We here at Walletpop have warned you before about the practices used by debt settlement companies and how to avoid being taken in by pie-in-the-sky promises of magically-erased debt. Now, finally, the law might be catching up. According to the Center for Responsible Lending, the FTC -- after a lengthy public comment period -- is considering implementing rules that would prohibit these operations from pocketing consumers' money without actually helping them get out of debt.
The FTC would technically invoke an already-on-the-books telemarketing law, which would apply to debt settlement companies due to the fact that phone contact generally takes place between the two parties, and the Center says it expects a final decision by the agency to come next month.
According to the Center's spokeswoman, Kathleen Day, "We think it would go a long way to curbing most of these scams."
The attorney generals of 41 states came together to declare their support of regulations that would prohibit upfront payments to debt settlement firms. In a letter sent last summer to the FTC, the National Association of Attorney Generals said, "...[T]he actions of debt relief companies have resulted in substantial increases in consumer complaints being filed with the States across the country."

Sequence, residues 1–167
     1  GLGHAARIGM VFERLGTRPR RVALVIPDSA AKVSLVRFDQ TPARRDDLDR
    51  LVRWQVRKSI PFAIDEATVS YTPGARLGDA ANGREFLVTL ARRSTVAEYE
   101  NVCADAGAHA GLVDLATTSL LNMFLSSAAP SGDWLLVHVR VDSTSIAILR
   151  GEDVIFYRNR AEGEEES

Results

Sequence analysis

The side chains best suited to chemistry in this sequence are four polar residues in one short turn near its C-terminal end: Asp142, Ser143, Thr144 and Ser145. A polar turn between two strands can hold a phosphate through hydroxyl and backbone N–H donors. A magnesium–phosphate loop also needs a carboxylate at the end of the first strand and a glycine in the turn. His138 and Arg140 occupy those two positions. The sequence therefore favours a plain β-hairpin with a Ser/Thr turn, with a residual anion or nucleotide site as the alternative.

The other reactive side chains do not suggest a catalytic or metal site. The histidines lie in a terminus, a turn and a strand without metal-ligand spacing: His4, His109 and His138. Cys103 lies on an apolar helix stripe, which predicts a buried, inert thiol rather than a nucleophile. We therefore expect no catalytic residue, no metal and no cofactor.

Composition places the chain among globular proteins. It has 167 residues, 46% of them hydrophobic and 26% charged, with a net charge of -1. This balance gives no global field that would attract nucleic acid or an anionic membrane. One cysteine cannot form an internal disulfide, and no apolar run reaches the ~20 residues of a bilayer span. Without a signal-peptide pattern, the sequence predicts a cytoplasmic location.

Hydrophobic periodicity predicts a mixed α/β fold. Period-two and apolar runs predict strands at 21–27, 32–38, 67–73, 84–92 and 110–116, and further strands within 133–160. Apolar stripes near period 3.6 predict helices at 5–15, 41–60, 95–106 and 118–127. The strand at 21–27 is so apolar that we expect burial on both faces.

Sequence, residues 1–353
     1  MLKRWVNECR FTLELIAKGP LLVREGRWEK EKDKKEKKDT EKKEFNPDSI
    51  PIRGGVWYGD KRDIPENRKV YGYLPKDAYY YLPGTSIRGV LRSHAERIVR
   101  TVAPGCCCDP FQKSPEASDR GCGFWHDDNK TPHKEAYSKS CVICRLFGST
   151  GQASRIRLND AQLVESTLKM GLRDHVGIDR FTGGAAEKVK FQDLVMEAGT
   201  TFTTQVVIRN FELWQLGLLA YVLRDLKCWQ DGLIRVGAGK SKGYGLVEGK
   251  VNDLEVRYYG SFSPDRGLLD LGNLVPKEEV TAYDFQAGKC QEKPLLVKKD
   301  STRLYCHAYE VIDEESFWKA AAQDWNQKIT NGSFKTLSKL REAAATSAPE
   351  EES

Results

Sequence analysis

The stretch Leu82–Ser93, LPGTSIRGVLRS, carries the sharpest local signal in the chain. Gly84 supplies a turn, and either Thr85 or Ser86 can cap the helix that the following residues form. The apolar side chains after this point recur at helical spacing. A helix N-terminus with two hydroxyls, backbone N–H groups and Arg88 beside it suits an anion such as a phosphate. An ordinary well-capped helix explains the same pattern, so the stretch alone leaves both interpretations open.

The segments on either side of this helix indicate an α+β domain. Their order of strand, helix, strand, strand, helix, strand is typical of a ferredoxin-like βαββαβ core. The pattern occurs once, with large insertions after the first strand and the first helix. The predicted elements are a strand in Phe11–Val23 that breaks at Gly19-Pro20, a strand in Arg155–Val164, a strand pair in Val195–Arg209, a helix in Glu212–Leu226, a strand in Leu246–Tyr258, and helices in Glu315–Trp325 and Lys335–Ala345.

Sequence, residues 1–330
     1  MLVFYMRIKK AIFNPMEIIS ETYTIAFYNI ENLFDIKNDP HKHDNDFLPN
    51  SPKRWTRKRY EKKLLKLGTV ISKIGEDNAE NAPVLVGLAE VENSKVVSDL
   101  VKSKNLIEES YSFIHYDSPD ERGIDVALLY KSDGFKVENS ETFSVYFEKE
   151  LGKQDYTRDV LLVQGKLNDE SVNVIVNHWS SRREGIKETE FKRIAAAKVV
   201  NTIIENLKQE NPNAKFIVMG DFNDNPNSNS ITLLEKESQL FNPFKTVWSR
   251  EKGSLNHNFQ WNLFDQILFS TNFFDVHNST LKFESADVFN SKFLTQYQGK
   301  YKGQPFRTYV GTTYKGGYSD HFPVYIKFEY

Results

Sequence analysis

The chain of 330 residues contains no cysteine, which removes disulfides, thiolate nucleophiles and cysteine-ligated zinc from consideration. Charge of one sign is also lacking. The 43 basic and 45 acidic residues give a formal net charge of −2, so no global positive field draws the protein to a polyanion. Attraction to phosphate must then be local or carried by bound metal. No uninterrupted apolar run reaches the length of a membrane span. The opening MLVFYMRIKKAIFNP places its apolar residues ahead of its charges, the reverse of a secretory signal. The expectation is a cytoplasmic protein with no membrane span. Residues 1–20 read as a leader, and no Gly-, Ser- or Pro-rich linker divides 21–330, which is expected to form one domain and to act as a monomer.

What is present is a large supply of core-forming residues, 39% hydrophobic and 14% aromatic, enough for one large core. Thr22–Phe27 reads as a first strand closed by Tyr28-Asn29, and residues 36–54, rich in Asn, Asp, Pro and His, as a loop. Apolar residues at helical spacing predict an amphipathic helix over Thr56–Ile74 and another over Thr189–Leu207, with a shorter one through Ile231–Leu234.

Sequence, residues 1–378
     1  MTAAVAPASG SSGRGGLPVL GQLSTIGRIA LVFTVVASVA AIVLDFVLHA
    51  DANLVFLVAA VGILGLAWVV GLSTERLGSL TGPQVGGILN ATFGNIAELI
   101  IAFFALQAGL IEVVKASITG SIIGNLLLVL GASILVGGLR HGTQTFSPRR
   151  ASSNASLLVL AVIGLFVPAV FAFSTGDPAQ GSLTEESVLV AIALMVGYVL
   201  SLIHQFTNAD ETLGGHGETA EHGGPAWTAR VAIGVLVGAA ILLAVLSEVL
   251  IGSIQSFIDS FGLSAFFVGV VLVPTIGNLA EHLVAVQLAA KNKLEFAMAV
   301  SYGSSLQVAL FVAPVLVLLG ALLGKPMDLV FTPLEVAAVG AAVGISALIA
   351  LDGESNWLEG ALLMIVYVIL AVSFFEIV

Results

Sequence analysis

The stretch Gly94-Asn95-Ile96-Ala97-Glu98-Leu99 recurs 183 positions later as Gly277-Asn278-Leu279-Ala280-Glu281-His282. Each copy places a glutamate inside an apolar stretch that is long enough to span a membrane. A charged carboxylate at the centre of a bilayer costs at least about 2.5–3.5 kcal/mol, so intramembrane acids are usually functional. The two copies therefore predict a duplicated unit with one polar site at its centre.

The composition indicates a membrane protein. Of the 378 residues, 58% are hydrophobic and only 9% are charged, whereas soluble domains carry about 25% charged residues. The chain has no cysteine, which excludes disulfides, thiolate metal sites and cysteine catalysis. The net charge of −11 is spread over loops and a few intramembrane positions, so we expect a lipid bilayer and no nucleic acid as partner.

Somewhat surprisingly for financial reform rules, the American Bankers Association also came out in favor of the FTC taking action.
Day told Walletpop in a phone interview (and this article confirms) that the debt settlement industry is proliferating, thanks to the recession that has put more Americans than ever into debt. "We're beginning to turn our attention, as are the regulators, into looking into companies that are preying on people who have been victimized by bad lending practices," she says.
The problem with debt settlement companies, as we've pointed out before, is that they take payments from customers -- sometimes for months -- before applying any of that money to the actual debts. In the meantime, consumers are harassed with collection calls, letters and even the threat of lawsuits from their creditors. Sending your payments to a debt settler instead of to the lender also makes penalties, fees and other expenses skyrocket, increasing your already-high debt even further.
The Center for Responsible Lending has an online overview of the debt settlement business and the enforcement being considered. In the meantime, keep this advice in mind if you're trying to get your debts erased, Day says. "Don't pay money up front, and don't stop making your payments and divert the money to someone promising to fix it for you, because all that does is increase your penalties."
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